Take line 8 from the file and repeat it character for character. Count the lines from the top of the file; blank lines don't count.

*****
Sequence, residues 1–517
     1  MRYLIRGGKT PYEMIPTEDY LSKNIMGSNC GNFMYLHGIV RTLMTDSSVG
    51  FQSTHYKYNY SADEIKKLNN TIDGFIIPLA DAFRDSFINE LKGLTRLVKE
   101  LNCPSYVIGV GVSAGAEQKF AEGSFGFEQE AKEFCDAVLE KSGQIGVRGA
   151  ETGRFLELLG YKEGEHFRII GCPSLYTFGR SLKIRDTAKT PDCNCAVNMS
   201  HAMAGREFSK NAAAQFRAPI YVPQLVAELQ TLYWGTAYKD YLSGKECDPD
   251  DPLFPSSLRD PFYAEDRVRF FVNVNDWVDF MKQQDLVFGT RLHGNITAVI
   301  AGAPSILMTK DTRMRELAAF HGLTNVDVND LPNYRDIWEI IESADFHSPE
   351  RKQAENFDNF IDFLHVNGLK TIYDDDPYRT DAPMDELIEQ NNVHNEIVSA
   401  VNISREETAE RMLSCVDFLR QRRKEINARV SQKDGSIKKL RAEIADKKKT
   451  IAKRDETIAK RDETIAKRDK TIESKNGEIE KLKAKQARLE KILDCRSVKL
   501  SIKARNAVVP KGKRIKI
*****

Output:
   301  AGAPSILMTK DTRMRELAAF HGLTNVDVND LPNYRDIWEI IESADFHSPE